Three prefectures — Kyoto, Osaka and Hyogo — are set to ask the central government to lift the coronavirus state of emergency at the end of the month, ahead of its end date on March 7, officials have said.
The prefectural governors were to hold an online meeting Tuesday with economic revitalization minister Yasutoshi Nishimura, who is leading the country’s response to the pandemic.
The governor of Aichi Prefecture, meanwhile, has said he has already made a similar request with the central government.
The state of emergency, Japan’s second over the pandemic, was initially declared for one month on Jan. 7. It covered 11 prefectures including Tokyo and neighboring prefectures. The emergency was later extended through March 7 for 10 of the prefectures.
Tokyo Gov. Yuriko Koike remains cautious about lifting the emergency in the capital, which continues to see a “severe” infection situation.
Koike also said she is planning to hold an online meeting Tuesday with the governors of neighboring Saitama, Chiba and Kanagawa prefectures.
“We’re not in a situation where we should ask for an early lifting,” a senior metropolitan government official said.
Kyoto, Osaka and other prefectures that hope to have the emergency lifted have cited improvements in the number of hospital beds available for COVID-19 patients and the slowing pace of infections.
“New cases of infection have remained in double-digit levels for days. (The state of emergency) should be lifted at the end of this month as we expect the number of hospitalized patients to fall even further,” Aichi Gov. Hideaki Omura said at a news conference.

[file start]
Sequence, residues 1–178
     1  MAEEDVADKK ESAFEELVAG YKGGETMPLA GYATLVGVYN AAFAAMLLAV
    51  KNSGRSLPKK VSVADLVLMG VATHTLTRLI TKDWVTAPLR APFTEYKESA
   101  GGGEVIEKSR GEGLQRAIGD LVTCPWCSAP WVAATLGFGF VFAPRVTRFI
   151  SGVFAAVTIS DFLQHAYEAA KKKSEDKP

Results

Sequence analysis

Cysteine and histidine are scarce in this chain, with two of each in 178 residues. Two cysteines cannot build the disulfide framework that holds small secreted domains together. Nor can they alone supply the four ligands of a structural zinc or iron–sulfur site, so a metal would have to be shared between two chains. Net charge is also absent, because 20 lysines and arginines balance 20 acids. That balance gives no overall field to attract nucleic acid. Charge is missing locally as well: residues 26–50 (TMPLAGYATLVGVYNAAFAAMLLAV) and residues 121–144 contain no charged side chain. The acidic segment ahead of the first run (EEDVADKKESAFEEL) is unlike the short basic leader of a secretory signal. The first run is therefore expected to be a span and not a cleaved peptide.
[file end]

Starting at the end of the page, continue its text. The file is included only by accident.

Osaka Gov. Hirofumi Yoshimura said his prefecture would discuss coordinated anti-virus measures with neighboring Kyoto and Hyogo prefectures Tuesday before filing their official requests. Officials in Gifu Prefecture, which sits adjacent to Aichi, have also suggested it will follow suit.
Kyoto Gov. Takatoshi Nishiwaki said that even if the state of emergency is lifted, the prefecture would continue to ask restaurants and bars to shorten business hours.
Japan has seen a decline in daily coronavirus infections but health ministry officials said last week the reduction was not sufficient to ease concern about the strain on the medical system.
Tokyo, which remains the hardest hit of Japan’s 47 prefectures, has seen a decrease in new cases, with 178 reported Monday — the first time the count fell below 200 since Nov. 24. The tally lifted the Japanese capital’s cumulative cases to 109,912.
The rate of infections among elderly people, considered at higher risk of developing severe symptoms, has been rising, however, with daily deaths in the capital often entering double digits.
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